Good mood, good work, the case for emotionally intelligent leaders

I just finished reading “Primal Leadership: unleashing the power of emotional intelligence” by Daniel  Goleman, Richard Boyatzis and Annie McKee. I was pleasantly surprised how candid and realistic a portrait it paints of the pitfalls and failures of most leadership development programs to foster sustained change in individual behavior or organizational norms.  When I think about most of the leadership development programs I’ve had to go through, both at work and at Wharton, I know I struggled with 1) how the content was fluffy at best, 2) there was a lack of useful guidelines on how to actually develop leadership competencies and 3) the disconnect that the teachers/trainers for the most part did not embody leadership to me.

This book is different. The authors adopted a scientific and analytical approach providing real insight in a field that has mostly been made of fluff by presenting concrete actionable ideas and measurable competencies. Leadership boils down to having social emotional intelligence competencies that enable a person to ascertain and regulate their own emotions and help instill emotional calm and clarity in the people they interact with. Basically leaders who create resonance with the group can bring out the best in people and themselves by being authentic to their values and embodying their ideals. In contrast, people in authority who create dissonance, can drive “the group into a downward spiral from frustration to resentment, rancor to rage.” When people feel off-balance, they perform poorly.

Over the last couple decades, research has demonstrated that when people feel good, they work at their best. Positive emotions activate parts of the brain to be open, curious, collaborative, creative, more willing to take risks and be optimistic about their ability to achieve goals.  Feeling good also predisposes people to be altruistic, compassionate and empathetic towards others. A positive mood and work environment correlates to improved client service. In the book, it states, “for every 1 percent increase in the service climate, there’s a 2 percent increase in revenue.” (p.15)  “In a study of thirty-two stores in a U.S. retail chain, outlets with positive sales people showed the best sales results…In all of those retail outlets, it was the store manager who created the emotional climate that drove salespeople’s moods–and ultimately, sales–in the right direction. When the managers themselves were peppy, confident, and optimistic, their moods rubbed off on the staff.” (p. 16)

The book cites a number of studies that find that company performance is related to the EQ of the top team. A study of 62 CEOs and their top management teams found “that the more positive the overall moods of people in the top management team, the more cooperatively they worked together–and the better the company’s business results. Put differently, the longer a company was run by a management team that did not get along, the poorer that company’s market return.” (p. 15) It concludes: ” The ‘group IQ,’ then–the sum total of every person’s best talents contributed at full force–depends on the group’s emotional intelligence, as shown in its harmony.” Leaders are critical in creating “a friendly but effective climate that lifts everyone’s spirits.”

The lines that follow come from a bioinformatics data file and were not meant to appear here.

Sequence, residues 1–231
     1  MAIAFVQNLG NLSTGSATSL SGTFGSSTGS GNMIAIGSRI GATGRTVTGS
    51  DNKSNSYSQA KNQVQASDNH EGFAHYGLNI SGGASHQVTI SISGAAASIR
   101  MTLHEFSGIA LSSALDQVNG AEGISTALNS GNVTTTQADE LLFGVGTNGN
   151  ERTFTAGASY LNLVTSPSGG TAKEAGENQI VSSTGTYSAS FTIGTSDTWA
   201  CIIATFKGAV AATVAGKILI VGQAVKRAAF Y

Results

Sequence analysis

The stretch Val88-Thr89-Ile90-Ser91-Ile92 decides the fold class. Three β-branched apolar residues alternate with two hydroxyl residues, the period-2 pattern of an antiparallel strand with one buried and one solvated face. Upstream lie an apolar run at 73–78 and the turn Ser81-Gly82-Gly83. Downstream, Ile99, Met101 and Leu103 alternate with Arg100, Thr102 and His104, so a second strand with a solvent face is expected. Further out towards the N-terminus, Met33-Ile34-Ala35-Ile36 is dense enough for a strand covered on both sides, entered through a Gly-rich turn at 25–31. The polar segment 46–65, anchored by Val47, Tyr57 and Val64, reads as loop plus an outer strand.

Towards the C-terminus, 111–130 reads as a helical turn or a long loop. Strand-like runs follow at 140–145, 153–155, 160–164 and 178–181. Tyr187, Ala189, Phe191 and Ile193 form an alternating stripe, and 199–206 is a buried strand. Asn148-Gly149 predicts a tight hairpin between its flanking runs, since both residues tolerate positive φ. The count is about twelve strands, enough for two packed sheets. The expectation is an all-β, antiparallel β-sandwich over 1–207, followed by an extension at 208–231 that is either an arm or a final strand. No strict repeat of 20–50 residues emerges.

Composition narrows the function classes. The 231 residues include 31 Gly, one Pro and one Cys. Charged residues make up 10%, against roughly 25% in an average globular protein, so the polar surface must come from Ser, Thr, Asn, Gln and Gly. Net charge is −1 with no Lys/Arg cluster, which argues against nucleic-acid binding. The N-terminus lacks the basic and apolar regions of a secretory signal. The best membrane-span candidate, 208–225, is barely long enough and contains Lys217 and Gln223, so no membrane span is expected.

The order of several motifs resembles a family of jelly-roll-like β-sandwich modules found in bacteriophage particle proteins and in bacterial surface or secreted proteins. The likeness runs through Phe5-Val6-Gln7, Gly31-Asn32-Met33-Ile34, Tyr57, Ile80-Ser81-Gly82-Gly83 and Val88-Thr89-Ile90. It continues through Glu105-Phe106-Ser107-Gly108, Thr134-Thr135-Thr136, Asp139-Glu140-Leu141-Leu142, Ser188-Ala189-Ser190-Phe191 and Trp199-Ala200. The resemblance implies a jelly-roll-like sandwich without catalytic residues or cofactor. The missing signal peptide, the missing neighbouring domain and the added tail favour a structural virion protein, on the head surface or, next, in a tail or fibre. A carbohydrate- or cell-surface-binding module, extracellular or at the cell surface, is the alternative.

In another study of nineteen insurance companies, “the climate created by the CEOs among their direct reports predicted the business performance of the entire organization: in 75 percent of cases, climate alone accurately sorted companies into high versus low profits and growth.” (p.17)

The authors write that their analyses suggest that “overall, the climate–how people feel about working at a company–can account for 20 to 30 percent of business performance. Getting the best out of people pays off in hard results… Roughly 50 to 70 percent of how employees perceive their organization’s climate can be traced to the actions of one person: the leader.” (pp.17-18)


They also present the analysis of the partners’ contributions to the profits of a large accounting firm: “If the partner had significant strengths in the self-management competencies, he or she added 78 percent more incremental profit that did partners without those strengths. Likewise, the added profits for partners with strengths in social skills were 110 percent greater, and those with strengths in [both social skills and self-management] added a whopping 390 percent incremental profit–in this case $1,465,000 more per year.  By contrast, significant strengths in analytic reasoning abilities added just 50 percent more profit.  Thus, purely cognitive abilities help–but the EI competencies help far more.” (p. 251)

Written by duecalmclarity

Due Quach (pronounced “Zway Kwok”) is the founder of Calm Clarity, a social enterprise that uses science to help people across the socioeconomic spectrum master their minds and be their best self. A refugee from Vietnam and graduate of Harvard College and the Wharton MBA Program, Due overcame the long-term effects of poverty and trauma by turning to neuroscience and meditation. After building a successful career in management consulting and private equity investments, she created Calm Clarity to help more people overcome adversity and unlock their potential. Calm Clarity creates social impact by using revenues from corporate training services to deliver the same high quality training to disadvantaged groups such as low-income first-generation college students and inner city teenagers.

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